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Models of Arbitrator Behavior: Theory and Evidence

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  • Orley Ashenfelter
  • David E. Bloom

Abstract

This paper analyzes and compares arbitrator behavior under conventional and final-offer arbitration. Simple models of arbitrator behavior are developed under each of these alternative mechanisms. These models are estimated and tested using data on the outcomes of both forms of arbitrationin New Jersey, a state in which arbitration is mandatory for unresolved pay disputes involving police officer unions and public employers. The major findings are (1) that the high proportion of union victories under final-offer arbitration were generated by a set of impartial arbitrators applying the same standards used in conventional arbitration, and (2) that union bargainers appear to be considerably more risk averse than employer bargainers, with the wage increases under final-offer arbitration having a lower mean and a lower variance than under conventional arbitration.

Suggested Citation

  • Orley Ashenfelter & David E. Bloom, 1983. "Models of Arbitrator Behavior: Theory and Evidence," NBER Working Papers 1149, National Bureau of Economic Research, Inc.
  • Handle: RePEc:nbr:nberwo:1149 Note: LS
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    References listed on IDEAS

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    1. repec:fth:prinin:163 is not listed on IDEAS
    2. Crawford, Vincent P, 1979. "On Compulsory-Arbitration Schemes," Journal of Political Economy, University of Chicago Press, vol. 87(1), pages 131-159, February.
    3. William M. Landes & Richard A. Posner, 1978. "Adjudication as a Private Good," NBER Working Papers 0263, National Bureau of Economic Research, Inc.
    4. repec:fth:prinin:172 is not listed on IDEAS
    5. Orley Ashenfelter & David Bloom, 1983. "The Pitfalls in Judging Arbitrator Impartiality by Win-Loss Tallies Under Final-Offer Arbitration," Working Papers 543, Princeton University, Department of Economics, Industrial Relations Section..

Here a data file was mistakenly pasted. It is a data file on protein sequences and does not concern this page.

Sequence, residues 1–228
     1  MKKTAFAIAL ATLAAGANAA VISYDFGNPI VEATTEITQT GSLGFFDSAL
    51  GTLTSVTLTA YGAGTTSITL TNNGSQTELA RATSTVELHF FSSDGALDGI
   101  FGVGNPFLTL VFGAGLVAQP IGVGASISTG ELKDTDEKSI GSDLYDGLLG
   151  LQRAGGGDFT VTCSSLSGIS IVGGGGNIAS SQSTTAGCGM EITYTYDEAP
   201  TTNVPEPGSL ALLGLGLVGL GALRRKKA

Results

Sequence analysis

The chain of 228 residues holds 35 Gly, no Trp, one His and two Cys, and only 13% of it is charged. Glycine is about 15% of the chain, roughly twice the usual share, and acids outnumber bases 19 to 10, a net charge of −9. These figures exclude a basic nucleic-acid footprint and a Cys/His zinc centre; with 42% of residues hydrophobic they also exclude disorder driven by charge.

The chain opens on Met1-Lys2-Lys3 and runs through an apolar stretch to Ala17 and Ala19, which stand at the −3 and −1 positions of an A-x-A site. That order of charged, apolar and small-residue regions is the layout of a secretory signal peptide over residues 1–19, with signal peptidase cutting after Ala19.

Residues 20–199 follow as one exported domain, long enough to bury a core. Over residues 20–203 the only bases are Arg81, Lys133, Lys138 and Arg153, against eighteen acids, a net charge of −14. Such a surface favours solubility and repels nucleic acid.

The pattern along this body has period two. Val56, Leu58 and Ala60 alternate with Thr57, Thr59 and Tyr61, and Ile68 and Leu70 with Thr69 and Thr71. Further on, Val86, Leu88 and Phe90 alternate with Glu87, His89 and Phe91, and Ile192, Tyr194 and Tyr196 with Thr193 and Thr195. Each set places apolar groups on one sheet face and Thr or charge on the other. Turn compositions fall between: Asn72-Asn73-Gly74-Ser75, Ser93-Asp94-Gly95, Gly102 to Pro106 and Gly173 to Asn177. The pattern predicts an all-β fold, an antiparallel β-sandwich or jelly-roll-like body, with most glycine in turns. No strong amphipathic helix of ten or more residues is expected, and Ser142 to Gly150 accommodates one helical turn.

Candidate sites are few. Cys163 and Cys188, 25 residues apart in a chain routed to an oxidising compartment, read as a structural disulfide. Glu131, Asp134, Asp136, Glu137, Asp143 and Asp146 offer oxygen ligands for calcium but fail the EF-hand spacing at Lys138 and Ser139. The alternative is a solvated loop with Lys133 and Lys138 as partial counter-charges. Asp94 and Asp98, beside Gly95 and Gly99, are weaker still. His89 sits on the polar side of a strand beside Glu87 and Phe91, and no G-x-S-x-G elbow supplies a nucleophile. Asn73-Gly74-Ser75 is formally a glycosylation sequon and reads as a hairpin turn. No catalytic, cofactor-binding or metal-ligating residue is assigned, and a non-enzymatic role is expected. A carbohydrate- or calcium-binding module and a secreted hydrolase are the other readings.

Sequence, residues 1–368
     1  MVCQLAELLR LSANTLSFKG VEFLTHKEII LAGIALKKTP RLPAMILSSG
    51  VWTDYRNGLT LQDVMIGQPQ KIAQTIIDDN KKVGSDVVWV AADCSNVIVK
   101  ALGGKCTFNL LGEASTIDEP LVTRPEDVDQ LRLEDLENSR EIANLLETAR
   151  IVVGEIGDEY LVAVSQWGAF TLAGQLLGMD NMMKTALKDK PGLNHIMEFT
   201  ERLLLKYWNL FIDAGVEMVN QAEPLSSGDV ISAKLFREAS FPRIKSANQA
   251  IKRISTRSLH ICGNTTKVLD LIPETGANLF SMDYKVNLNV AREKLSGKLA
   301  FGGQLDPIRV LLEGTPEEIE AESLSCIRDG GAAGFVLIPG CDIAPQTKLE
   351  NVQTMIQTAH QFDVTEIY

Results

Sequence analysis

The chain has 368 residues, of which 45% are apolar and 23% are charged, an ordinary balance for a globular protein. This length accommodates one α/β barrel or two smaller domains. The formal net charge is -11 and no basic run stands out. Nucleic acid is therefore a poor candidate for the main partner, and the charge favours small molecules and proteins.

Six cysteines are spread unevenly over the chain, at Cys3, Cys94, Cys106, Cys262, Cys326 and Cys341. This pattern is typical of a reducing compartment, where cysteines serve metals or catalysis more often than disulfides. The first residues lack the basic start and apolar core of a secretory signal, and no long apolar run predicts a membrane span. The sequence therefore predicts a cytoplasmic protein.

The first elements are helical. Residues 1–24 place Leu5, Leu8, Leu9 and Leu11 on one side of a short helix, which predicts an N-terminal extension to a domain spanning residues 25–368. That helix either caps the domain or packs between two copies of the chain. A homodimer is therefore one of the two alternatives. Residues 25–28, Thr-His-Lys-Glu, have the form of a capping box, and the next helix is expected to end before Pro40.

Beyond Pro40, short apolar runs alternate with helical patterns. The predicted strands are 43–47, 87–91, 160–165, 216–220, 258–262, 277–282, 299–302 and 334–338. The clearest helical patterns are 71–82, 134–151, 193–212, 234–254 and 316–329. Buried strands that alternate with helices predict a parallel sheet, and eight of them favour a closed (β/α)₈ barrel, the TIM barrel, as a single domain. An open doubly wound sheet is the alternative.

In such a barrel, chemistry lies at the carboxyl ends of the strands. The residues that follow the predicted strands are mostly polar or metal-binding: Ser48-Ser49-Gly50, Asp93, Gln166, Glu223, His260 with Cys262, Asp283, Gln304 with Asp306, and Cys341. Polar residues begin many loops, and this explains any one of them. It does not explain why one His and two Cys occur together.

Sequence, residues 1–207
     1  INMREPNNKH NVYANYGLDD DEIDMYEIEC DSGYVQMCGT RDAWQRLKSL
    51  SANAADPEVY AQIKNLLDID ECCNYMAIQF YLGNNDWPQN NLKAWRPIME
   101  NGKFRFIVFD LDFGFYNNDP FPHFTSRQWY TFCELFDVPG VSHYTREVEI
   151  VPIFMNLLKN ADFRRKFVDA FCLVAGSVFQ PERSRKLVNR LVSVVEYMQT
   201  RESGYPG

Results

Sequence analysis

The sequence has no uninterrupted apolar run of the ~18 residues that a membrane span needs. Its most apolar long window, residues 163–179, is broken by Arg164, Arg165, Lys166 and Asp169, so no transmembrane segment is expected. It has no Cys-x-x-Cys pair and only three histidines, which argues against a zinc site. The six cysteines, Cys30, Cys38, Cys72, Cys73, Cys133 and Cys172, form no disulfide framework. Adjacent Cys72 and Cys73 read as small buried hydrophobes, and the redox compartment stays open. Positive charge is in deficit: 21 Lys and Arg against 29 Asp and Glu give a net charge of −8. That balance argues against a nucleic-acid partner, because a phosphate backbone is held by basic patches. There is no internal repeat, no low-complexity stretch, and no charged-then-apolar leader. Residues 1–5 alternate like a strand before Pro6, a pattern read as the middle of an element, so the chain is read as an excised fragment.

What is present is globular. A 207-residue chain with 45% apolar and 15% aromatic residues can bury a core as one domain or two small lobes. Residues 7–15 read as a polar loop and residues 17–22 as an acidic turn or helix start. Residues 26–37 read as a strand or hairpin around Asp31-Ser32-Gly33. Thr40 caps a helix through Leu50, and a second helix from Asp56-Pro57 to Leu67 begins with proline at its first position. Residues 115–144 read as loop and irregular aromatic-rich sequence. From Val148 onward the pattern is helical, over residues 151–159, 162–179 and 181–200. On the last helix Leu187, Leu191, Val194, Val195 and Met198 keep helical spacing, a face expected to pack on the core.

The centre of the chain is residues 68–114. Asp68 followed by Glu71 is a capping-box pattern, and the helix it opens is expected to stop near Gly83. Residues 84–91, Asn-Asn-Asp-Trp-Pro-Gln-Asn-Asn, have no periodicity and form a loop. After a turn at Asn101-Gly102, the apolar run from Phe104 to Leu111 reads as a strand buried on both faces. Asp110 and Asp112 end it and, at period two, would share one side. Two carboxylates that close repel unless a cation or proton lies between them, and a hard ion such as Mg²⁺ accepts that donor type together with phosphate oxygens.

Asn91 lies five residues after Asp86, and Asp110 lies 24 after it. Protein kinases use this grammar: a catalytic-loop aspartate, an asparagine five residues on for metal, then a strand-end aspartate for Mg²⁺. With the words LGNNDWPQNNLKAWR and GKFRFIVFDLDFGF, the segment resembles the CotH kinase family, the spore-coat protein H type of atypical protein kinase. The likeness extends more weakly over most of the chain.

6. David E. Card, 1983. "Arbitrators as Lie Detectors," Working Papers 172, Princeton University, Department of Economics, Industrial Relations Section..
    7. Orley Ashenfelter & David Bloom, 1983. "The Pitfalls in Judging Arbitrator Impartiality by Win-Loss Tallies Under Final-Offer Arbitration," Working Papers 543, Princeton University, Department of Economics, Industrial Relations Section..
    8. Henry S. Farber, 1981. "Splitting-the-Difference in Interest Arbitration," ILR Review, Cornell University, ILR School, vol. 35(1), pages 70-77, October.
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    Citations

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    Cited by:

    1. Juan Pablo Montero, 2004. "A model of arbitration in regulation," Econometric Society 2004 Latin American Meetings 219, Econometric Society.
    2. Carmen Herrero & Juan Moreno-Ternero & Giovanni Ponti, 2010. "On the adjudication of conflicting claims: an experimental study," Social Choice and Welfare, Springer;The Society for Social Choice and Welfare, vol. 34(1), pages 145-179, January.
    3. Ashenfelter, O. & Bloom, D., 1990. "Lawyers As Agents Of The Devil In A Prisoner'S Dilemma Game," Papers 57, Princeton, Woodrow Wilson School - Discussion Paper.
    4. Ashenfelter, Orley, et al, 1992. "An Experimental Comparison of Dispute Rates in Alternative Arbitration Systems," Econometrica, Econometric Society, vol. 60(6), pages 1407-1433, November.
    5. David Dickinson, 2003. "Mediation, Walrasian Tâtonnement, and Negotiations as an Exchange Economy," Working Papers 2003-11, Utah State University, Department of Economics.
    6. Ehrenberg, Ronald G. & Schwarz, Joshua L., 1987. "Public-sector labor markets," Handbook of Labor Economics,in: O. Ashenfelter & R. Layard (ed.), Handbook of Labor Economics, edition 1, volume 2, chapter 22, pages 1219-1260 Elsevier.
    7. Orley Ashenfelter & Gordon B. Dahl, 2003. "Strategic Bargaining Behavior, Self-Serving Biases, and the Role of Expert Agents An Empirical Study of Final-Offer Arbitration," Working Papers 857, Princeton University, Department of Economics, Industrial Relations Section..
    8. Alexandre Mas, 2006. "Pay, Reference Points, and Police Performance," The Quarterly Journal of Economics, Oxford University Press, vol. 121(3), pages 783-821.
    9. Henry S. Farber & Max H. Bazerman, 1984. "The General Basis of Arbitrator Behavior: An Empirical Analysis of Conventional and Final-Offer Arbitration," NBER Working Papers 1488, National Bureau of Economic Research, Inc.
    10. María Mercedes Adamuz & Clara Ponsatí, 2009. "Arbitration systems and negotiations," Review of Economic Design, Springer;Society for Economic Design, vol. 13(3), pages 279-303, September.
    11. Max H. Bazerman & Henry S. Farber, 1983. "Arbitrator Decision Making: When Are Final Offers Important?," NBER Working Papers 1183, National Bureau of Economic Research, Inc.

    More about this item

    JEL classification:

    • M13 - Business Administration and Business Economics; Marketing; Accounting; Personnel Economics - - Business Administration - - - New Firms; Startups

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